Integrated, place-based approaches to changing public housing communities: a case study of Lord Selkirk Park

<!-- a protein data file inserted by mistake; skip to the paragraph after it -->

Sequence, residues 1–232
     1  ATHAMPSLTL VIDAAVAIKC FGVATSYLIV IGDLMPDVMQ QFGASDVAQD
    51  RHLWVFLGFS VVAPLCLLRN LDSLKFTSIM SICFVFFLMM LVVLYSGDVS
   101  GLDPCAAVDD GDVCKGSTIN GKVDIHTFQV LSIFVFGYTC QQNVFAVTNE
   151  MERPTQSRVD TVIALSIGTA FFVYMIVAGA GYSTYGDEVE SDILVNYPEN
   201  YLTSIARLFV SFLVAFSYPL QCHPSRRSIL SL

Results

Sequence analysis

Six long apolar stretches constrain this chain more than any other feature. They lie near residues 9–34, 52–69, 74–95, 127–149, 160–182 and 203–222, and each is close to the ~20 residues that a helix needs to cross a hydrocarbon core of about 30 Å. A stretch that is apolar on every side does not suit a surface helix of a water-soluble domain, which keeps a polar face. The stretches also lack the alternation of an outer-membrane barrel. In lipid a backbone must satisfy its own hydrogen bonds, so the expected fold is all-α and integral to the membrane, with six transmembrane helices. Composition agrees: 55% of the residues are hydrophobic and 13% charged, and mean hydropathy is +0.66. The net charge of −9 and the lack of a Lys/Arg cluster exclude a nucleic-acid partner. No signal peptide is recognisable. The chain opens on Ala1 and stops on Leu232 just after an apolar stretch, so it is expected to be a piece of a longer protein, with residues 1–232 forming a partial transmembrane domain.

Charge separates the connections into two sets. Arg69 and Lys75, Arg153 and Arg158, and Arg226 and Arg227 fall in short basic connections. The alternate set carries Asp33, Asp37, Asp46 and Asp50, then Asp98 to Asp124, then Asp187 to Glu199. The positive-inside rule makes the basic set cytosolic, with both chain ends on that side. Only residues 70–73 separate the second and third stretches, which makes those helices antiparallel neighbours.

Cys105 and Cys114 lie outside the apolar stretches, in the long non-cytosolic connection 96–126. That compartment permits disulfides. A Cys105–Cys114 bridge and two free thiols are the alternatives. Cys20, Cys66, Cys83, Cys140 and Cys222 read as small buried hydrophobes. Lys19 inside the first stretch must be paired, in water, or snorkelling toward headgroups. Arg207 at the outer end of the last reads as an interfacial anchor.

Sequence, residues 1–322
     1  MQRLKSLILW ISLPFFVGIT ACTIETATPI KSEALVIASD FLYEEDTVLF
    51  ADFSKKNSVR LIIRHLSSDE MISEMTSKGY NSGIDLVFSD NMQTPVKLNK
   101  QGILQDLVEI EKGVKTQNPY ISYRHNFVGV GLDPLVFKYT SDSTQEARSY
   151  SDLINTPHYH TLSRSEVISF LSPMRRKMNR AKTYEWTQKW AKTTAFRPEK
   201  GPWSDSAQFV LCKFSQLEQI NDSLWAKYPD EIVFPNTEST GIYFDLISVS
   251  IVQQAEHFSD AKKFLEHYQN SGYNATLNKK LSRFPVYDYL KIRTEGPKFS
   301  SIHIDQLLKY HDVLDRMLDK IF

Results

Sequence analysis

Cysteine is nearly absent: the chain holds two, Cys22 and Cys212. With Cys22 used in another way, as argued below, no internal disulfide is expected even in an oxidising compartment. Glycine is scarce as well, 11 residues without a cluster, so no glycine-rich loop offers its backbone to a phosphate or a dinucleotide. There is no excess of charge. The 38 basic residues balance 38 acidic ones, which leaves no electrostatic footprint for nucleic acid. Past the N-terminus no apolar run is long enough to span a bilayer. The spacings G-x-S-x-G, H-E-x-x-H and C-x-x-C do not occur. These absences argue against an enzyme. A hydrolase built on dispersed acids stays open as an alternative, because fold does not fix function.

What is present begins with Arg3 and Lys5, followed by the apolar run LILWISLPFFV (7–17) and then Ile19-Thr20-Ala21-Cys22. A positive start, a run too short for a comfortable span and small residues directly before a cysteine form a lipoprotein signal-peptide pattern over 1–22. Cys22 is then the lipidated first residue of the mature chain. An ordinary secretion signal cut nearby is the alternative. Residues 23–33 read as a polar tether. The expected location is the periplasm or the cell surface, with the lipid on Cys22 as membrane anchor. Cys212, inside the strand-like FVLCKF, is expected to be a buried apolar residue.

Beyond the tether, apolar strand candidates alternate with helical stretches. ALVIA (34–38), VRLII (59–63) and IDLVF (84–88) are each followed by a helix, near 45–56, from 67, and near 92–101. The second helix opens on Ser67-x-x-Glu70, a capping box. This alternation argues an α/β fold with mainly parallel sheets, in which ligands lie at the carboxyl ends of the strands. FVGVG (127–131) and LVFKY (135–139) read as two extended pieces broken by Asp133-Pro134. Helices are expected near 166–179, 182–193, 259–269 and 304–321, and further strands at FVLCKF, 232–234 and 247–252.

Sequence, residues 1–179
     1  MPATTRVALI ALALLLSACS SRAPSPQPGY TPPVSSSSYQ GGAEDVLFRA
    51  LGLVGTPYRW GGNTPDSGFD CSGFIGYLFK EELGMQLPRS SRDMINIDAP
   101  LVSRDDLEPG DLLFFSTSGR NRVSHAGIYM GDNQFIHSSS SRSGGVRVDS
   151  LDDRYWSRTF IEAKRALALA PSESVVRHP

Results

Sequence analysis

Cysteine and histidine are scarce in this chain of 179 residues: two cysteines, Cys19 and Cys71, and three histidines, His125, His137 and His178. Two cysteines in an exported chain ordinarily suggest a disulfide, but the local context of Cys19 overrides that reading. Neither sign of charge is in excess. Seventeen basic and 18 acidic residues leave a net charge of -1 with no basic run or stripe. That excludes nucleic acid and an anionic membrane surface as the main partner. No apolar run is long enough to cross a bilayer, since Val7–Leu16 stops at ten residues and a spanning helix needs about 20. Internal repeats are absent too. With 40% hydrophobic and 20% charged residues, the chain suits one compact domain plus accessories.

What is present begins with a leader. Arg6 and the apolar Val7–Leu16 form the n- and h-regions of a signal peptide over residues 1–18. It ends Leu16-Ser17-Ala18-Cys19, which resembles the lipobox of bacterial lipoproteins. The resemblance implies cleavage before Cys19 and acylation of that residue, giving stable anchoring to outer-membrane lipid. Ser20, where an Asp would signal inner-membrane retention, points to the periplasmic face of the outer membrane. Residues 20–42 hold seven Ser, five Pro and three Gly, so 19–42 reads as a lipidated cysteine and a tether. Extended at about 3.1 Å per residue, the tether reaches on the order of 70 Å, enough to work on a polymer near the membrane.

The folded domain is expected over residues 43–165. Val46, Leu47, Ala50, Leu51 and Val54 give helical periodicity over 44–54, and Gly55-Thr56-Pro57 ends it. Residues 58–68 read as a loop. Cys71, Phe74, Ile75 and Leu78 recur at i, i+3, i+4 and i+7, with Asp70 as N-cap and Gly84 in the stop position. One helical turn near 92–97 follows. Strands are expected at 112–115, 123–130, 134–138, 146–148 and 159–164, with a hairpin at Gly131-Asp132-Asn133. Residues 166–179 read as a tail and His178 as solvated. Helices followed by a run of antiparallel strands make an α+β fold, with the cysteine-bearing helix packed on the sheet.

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Lord Selkirk Park (LSP) is a 314 unit public housing community in Winnipeg’s north end. A major redevelopment of the community began in 2009 and included a $17 million renovation of the housing stock, employment of local residents to undertake the renovation, a new community Resource Centre, a new infant childcare centre that employs an Abecedarian early childhood education model, and a new adult learning centre. This case study attempts to understand first how and why LSP changed as result of the redevelopment and secondly, why decision-makers chose to make such investments. The case of LSP was selected because it is an example of an intervention in a public housing community grounded in social democratic ideology and is both integrated and place-based. Literature reviewed to establish the context for the study included studies related to: rationales for the integration of housing policy with the larger social policy context; perspectives on the role and future of social housing; studies on the persistence of poverty in public housing communities; and evaluations of interventions that have historically taken place in public housing – dispersal, mixed-income, homeownership and integrated, place-based programs. The thesis concludes that one perspective on these four issues is largely draw from a neoliberal ideology based on culture of poverty and new public management theories. A second perspective is drawn from social democratic ideology based on social determinants of health and community economic development theories. Data collected includes interviews with thirteen tenants of LSP, eight service providers, and three senior decision-makers in the Manitoba government, participant observation data, and data drawn from public documentation. The thesis concluded that LSP had changed for the better as a result of the redevelopment. LSP became a safer, more desirable place to live. The quality of the housing improved. Residents demonstrated better social cohesion and had access to and were using services that could lead to improved self-sufficiency. Further, the research concludes that the redevelopment was successful because it was place-based, integrated and based on identified community needs. Finally, the thesis concludes that decision-makers supported this model of redevelopment because they held social democratic values.